In working together with the Archdiocese of San Francisco, however, I will not change my course with regard to the full inclusion of all people in the full life of the church. I hope that public disagreements can be handled respectfully and that criticisms of public statements may be met with mutual respect. subtext: We are taking a courageous stand here. We are the brave pioneers who will promote homosexuality without fear and without compromise. Some Catholics may find themselves less at home with Salvatore Cordileone’s installation and they may come to The Episcopal Church. We should welcome them as our sisters and brothers. “Putting ‘sisters’ before ‘brothers’ is always driven by a feminist agenda. Here’s a blatant appeal to steal sheep, and this from the folks who grumbled about the Anglican Ordinariate. and put every obstacle in the way of Anglicans who want to swim the Tiber. Never mind, their numbers are plummeting, and the Catholics who want to head that way probably should.

Even as we welcome those who may join us and look for ways to work with our Roman Catholic siblings in the faith, we will not be silenced in our proclamation of God’s inclusion. “God’s inclusion” has become their clarion call–a kind of artificial gospel. Our ecumenical partnership should be founded in our following Christ and shared service. It is our Christian duty to take stands in public or from our pulpits when others — especially those of our own faith — are in error and trying to suppress the rights of others who, too, have been created in God’s image. A judgement that we are ‘in error’ from one who would bleat that we mustn’t be judgemental. An infallible statement from one who does not believe in the pope’s infallibility.

I hope that we may move forward together in ministry and faith in a way that bears witness to the unity of Christianity without necessitating uniformity. Thank the Lord for that anyway.  I look forward to attending Salvatore Cordileone’s installation as Archbishop of San Francisco and working with him in the future. You shouldn’t fib.

+Marc Handley Andrus
Episcopal Bishop of California


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  • Fr. Christopher G. Phillips

    Apparently when Bp. Marc arrived, they discovered they were one chair short.

  • Collin M Nunis

    Nice one Fr. Dwight. But of course, seeing how far the Episcopal Church has come since the 1970s, nothing that they say will be of any relevance to anyone; religious or not. Besides, the contemporaries of the good Episcopal bishop are dying off anyway, and we are slowly seeing a resurgence of young Christians across all denominations that are committed to biblical teaching. Sure, we as Catholics will have our disagreements with these other Christians, but we share their passion in standing for biblical morality – something the Episcopal Church has long disregarded, neglected, and defied. And this bishop has already reflected on his irrelevance.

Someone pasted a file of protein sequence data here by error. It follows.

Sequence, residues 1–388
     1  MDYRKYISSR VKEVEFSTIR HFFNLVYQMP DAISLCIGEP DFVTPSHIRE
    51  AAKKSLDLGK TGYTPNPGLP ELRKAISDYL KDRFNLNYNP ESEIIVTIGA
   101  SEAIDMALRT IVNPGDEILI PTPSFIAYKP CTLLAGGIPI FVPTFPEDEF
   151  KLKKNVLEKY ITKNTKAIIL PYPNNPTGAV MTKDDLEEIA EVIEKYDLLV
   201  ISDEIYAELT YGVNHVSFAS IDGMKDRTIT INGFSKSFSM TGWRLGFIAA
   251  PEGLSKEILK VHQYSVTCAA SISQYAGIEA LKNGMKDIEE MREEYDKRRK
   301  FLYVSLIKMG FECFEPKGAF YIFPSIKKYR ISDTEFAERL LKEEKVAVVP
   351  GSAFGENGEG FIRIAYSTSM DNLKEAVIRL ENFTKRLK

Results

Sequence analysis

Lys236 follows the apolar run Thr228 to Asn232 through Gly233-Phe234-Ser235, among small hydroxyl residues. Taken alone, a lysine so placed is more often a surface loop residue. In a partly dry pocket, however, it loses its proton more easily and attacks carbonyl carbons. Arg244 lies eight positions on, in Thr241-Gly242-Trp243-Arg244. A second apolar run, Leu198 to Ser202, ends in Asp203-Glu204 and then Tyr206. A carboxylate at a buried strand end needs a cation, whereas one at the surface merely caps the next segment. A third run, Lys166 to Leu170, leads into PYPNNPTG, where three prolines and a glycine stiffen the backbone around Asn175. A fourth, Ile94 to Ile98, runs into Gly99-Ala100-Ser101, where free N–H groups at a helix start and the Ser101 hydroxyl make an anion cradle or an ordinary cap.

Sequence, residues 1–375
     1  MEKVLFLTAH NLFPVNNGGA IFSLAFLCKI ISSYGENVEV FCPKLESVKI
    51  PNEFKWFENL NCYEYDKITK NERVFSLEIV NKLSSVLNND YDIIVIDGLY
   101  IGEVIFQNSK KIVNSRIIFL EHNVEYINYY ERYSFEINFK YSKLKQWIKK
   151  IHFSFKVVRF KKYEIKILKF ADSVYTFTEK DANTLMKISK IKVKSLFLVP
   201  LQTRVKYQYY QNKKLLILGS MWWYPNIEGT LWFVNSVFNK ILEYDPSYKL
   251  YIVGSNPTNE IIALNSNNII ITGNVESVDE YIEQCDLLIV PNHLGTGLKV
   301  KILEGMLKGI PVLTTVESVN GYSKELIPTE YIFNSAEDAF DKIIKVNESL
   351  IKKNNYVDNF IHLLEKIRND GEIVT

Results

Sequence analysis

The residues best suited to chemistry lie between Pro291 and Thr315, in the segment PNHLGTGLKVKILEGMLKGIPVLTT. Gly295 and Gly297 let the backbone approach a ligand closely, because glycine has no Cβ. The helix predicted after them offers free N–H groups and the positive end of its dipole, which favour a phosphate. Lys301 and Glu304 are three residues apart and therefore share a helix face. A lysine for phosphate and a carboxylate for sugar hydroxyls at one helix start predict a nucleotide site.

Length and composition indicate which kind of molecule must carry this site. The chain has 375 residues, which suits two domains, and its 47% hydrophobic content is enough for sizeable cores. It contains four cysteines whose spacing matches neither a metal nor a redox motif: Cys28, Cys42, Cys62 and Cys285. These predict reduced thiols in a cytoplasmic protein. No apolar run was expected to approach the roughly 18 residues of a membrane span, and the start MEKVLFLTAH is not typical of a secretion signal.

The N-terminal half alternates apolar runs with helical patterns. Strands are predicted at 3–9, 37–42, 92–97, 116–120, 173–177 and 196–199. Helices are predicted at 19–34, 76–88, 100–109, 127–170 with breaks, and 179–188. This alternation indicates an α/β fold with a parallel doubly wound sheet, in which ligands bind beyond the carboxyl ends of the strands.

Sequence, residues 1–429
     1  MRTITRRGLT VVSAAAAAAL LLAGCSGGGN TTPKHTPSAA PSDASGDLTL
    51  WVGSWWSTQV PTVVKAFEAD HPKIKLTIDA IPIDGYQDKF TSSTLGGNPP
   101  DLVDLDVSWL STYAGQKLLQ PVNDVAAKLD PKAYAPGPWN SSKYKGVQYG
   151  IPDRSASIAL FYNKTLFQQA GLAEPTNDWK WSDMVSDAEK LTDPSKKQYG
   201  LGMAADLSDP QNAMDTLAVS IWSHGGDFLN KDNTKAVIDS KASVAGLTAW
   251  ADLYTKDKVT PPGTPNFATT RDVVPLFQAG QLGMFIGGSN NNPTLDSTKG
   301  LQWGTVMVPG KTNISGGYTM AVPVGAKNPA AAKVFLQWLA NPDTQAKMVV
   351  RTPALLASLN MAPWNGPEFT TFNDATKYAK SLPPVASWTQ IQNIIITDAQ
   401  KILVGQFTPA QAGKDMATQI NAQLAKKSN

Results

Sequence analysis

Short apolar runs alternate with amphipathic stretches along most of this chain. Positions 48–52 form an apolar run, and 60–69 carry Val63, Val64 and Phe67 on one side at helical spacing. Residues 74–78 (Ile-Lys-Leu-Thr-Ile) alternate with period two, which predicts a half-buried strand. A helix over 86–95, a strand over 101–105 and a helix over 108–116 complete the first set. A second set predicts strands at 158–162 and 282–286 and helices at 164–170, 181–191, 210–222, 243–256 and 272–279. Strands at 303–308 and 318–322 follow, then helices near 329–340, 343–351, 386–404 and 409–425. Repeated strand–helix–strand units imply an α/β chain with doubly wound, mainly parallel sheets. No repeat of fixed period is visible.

I for one, do not think very highly of +Cordileone as he has some things to answer for, but it has nothing to do with his faith, and his commitment to teaching the faith as a Successor to the Apostles. In a Catholic bishop, that comes first.

  • Ramón Medina

    Well, with your reasoned comments, you made me read his nonsense… I don’t know how you managed! In any case, it was instructive to understands how some people think. Lately I have been trying to simply ignore foolish people, as scripture tells us, since reason is simply not exercised by them. They are happy with their touchy-feely wonderings and facts are simply too bothersome to deal with. Pascal said that our imagination is the enemy of our reason, and I believe that he was onto something… May God bless you, we sorely need priest like you…

  • Christian

    I learned the term ‘piskie from actual ‘piskies. I can’t claim credit.

  • Richard E

    I was discussing this letter in a group format yesterday and today in relation to why catholics are leaving the church. Going to share this link with them, many are not on FB

  • FW Ken

    Actually, Bp. Marc was late, missed the processional and got miffed when they didn’t interrupt the Mass to seat him.

    I learned “‘piskie” when I was one. We also made lots of jokes about “whiskypalians” and “where you find four Episcopalians, you’ll always find a fifth”. I’ve been Catholic for 25 years, but I still have fond memories of funny, friendly, nice people. Sadly, both liberals and conservatives in the Episcopal Church have become increasingly bitter as the center falls apart.

    As to “Roman Catholic”, we use the term freely here:

  • EssEm